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Those who follow recruiting closely (i.e., all of us) may remember a proposed change to the NCAA rules that would allow coaches more contact with high school players. Instead of limiting calls to one a month at bottom, or a maximum of two per week, coaches will be allowed to call a player as often as they would like. This rule change, for better or worse, will go into effect on June 15th.
There’s little question that the change will benefit coaches who are trying to sell their programs to elite (or even just really good) high school talents. Particularly, mid- and high mid-major schools will be able to use the expanded parameters to make absolutely sure that young players across the country have a good idea of exactly what their school has to offer. Every high school kid knows the traditions at UK, UNC, or UCLA, but players may not be as familiar with the auras of Butler, Xavier, or Temple. Maybe the increased amount of phone-time will let those coaches sell their programs a little better. Or maybe it won’t; we can’t know for sure until we see the results of the change.
The concern with this change, though, is the impact it could have on the students. Suddenly, their protective barrier has absolutely evaporated, and they find themselves susceptible to college coaches’ every whim. Maybe they don’t want to hear from new South Carolina coach Frank Martin, but by golly, they’re still going to get those calls. Is that fair? Well, if we’re being fair, high school players probably enjoy getting those calls. It’s pretty cool that big time college coaches are calling your phone, and kids these days have their iPhones hotglued to the sides of their faces anyways, so maybe this won’t be a big deal. But the lack of that buffer zone could prove to be contentious.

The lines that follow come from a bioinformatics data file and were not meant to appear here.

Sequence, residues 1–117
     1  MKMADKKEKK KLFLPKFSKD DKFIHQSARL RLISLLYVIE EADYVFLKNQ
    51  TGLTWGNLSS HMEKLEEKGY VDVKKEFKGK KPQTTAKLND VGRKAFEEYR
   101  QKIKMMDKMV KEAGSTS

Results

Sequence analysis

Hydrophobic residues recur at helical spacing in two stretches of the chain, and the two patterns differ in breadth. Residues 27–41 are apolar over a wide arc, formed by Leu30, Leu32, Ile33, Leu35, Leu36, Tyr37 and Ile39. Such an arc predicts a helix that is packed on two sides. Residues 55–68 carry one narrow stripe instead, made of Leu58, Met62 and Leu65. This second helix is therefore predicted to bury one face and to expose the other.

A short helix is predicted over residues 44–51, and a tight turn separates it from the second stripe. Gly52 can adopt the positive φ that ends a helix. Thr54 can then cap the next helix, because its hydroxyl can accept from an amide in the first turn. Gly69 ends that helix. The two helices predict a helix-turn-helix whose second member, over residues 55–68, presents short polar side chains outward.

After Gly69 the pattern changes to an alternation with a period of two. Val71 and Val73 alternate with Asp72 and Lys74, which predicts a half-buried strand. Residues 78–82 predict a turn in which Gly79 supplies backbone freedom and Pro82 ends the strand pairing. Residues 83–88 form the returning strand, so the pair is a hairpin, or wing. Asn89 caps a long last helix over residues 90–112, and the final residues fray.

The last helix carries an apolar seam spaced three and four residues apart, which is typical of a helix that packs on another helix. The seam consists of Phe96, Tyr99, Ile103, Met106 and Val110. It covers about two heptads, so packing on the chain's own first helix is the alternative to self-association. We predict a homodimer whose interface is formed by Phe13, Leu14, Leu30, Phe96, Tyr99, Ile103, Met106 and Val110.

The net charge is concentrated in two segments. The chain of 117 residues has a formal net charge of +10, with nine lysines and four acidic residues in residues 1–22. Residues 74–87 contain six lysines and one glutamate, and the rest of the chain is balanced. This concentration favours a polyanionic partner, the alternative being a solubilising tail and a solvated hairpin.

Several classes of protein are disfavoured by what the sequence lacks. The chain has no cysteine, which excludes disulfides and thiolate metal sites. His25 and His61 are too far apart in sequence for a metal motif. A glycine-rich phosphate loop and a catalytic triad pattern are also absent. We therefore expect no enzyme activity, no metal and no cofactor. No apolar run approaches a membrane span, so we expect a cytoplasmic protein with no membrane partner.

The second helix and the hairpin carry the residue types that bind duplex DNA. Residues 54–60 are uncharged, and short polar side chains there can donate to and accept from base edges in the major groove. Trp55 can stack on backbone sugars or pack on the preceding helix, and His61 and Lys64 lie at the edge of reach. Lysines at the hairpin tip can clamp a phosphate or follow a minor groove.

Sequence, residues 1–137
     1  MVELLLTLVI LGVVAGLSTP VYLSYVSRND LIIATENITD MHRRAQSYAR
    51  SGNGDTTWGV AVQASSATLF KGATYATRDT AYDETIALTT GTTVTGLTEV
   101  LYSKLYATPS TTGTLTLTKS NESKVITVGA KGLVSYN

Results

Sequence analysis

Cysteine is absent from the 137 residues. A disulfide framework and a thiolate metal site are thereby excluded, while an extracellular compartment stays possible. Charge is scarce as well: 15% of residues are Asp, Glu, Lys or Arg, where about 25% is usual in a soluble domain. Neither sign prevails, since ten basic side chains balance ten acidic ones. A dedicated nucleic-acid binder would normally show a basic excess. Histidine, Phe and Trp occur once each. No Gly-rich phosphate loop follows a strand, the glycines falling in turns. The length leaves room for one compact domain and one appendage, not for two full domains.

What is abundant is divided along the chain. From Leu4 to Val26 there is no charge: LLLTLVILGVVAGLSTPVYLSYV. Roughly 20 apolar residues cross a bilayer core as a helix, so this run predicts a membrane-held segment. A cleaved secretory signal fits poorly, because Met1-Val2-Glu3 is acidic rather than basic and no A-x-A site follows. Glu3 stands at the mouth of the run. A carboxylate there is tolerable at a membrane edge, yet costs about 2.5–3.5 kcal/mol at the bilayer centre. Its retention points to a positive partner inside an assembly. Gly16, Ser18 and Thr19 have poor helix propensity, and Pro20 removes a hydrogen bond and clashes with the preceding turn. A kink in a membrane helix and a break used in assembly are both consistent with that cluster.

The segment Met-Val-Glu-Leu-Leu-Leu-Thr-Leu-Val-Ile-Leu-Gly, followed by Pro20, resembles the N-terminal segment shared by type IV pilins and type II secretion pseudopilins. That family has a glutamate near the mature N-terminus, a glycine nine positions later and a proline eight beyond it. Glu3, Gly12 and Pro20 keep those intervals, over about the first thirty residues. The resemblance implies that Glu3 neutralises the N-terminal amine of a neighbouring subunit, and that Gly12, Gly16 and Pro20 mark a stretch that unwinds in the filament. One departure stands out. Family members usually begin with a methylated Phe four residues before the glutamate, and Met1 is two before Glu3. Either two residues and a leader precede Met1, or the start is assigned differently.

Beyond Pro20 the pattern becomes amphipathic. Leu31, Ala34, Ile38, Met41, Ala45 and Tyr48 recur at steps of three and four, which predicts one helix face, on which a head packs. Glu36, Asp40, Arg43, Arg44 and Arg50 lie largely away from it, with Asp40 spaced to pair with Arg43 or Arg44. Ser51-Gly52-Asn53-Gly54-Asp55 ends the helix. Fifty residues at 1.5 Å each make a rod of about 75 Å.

One good thing may fall through the cracks: because coaches can contact players directly, they won’t have to go through AAU coaches in attempts to get players’ attentions. Previously, because calls from coaches were limited, but calls to coaches were not, college HCs would get a hold of a kid’s high school or AAU coach and ask to forward a message, or call them back. This gave those AAU coaches an important role as “gatekeeper” to the players, which they could possibly use to influence, even exploit, both the college coaches and the young players. Now, the coaches can eliminate the middle man, and go right to the player himself. Will this completely eliminate the influence that AAU coaches have over the recruiting process? Probably not. But it is a step in the right direction.
But apart from the impact on other schools, and the players themselves, how, if at all, will the change affect Coach Cal? My guess is: not much. Cal has already expressed that he is slow to offer scholarships, believing instead that they should be “rewards” for players, and not simply an indication of interest. If that mentality carries over to phonecalls, it’s possible that Cal won’t pick up his phone much more often after the rule change than before it. After all, “absence makes the heart grow fonder.” Calling a kid all the time won’t make that kid want to go to your school any more. In fact, constant attention may turn him off from your program; who wants to play for a coach that seems desperate?
And Coach Cal is anything but desperate. He has mastered the recruiting game in a way that few before him have, and one small rule change is unlikely to change that. The only thing that will change is the number of write-ups the student-athletes will get for not having their phones on silent in class. Because they will be ringing.
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Bill Keightley Report : Never to be forgotten.
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